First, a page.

Tag Archives: human equality

Part 4: The Races of Humanity or: How I Stopped Worrying and Learned to Love Socially Constructed Divisions – Part 2

In part 2 of my [IDEOLOGY IN PROGRESS] series, I argued that the concept of race is not a social construction like the left claims, but rather is a biological reality due to genotypical and phenotypical differences amongst populations.

Those who claim X as being a social construction assume the negativity of social constructionism. – Unknown

While I still think that is the case, I ended part 2 with the following statement: “Finally, stay tuned for part two of this post (it will come sometime in the “Ideology in Progress” series) where I ignore everything I wrote above and assume race is a social construct and then explain why division is good! *Basically an “even if it’s a social construct that creates division, that division is good and not discriminatory” argument*”.

And that brings us to this post. I am going to ignore everything I said in the previous post and jump on the liberal bandwagon yelling “race is a social construct!”. However, as the opening quotation points out, even if race (or anything) is a social construct, that doesn’t inherently mean that it’s a bad thing. Rather, just that it might create divisions amongst people. I shall argue after the jump that even if the concept of race is a purely social construction, it, and the divisions amongst people that it creates, are a good thing.

So, let’s begin.

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Equal in Ability vs. Equal in Being

So there’s a sad trend that I’ve noticed that occurs both in neo-reactionary circles as well as on Jared Taylor’s American Renaissance and that is to conflate equal in ability to equal in being. Specifically, the argument that is often touted is that “well some people are stronger than others and some races are smarter than others etc. so you can’t say humans are equal!”.  (an example is this article)

But to say this is to commit a fallacy. It assumes that the argument egalitarians make is that true human equality means that humans are all the same, when in actuality the argument is not that all humans are exactly the same, rather, that there is some common standard amongst humans and this standard (which I’ll talk about later) is constant. And if this standard is constant, it is a baseline for what it means to be human and thus, on the most rudimentary level, creates possessing this standard or characteristic (humans) would be ontologically equal – that is, equal in being.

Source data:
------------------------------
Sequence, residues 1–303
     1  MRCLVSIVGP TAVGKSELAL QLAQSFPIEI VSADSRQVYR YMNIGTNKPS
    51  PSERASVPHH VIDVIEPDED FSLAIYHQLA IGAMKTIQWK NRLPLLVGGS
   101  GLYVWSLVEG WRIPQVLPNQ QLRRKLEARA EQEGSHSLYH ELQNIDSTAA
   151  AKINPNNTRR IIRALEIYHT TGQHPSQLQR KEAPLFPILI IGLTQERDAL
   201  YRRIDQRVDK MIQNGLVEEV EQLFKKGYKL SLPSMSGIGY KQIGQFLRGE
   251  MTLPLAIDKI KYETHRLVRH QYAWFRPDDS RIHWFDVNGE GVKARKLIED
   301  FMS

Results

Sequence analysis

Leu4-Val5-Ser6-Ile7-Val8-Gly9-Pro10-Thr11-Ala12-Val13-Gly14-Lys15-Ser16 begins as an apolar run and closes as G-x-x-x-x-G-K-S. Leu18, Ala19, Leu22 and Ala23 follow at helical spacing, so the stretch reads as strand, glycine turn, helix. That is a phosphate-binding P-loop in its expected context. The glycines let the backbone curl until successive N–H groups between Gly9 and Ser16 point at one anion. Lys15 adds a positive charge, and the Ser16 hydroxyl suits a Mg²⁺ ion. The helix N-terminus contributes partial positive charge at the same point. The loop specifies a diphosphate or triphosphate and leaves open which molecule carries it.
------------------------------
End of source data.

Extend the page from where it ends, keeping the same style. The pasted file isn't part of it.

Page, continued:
This would be, for the most part, a species classification. For example: some breeds of dogs are smarter than others, some are more aggressive than others, and some are just down right cute. [fig 1.] But at the end of the day, they are all still dogs and thus, if one assigns moral judgements based on species, they would be ontologically equal while not being physically equal.

[fig 1. – My little baby in a cowboy hat for New Years!]

Now humans are an interesting bunch (one that I don’t care for all too much) in that there is debate over whether there is a unifying standard, that is, something that every human has and is something that makes us human. Theists would argue a soul, Kantian’s would argue rationality (haha), and others would argue nothing. I honestly have no idea. I have no idea if such a standard exists. So I will leave with a comment and a few residual questions. I don’t know if there is some unifying feature in humanity and to be honest, I don’t care a huge amount. But I do care when people falsely conflate equal in ability to equal in being. They are not one in the same – someone can be one but not the other (much like a square is a rectangle but not vice versa per se).

So readers: is there a unifying human standard? I would love to hear what you think.

But in your analyses please consider the following questions:

  • is the standard inherent to what it means to be human – that is, do all humans meet it?
  • if some don’t meet it, are they not human?
  • and if so, how should one evaluate them?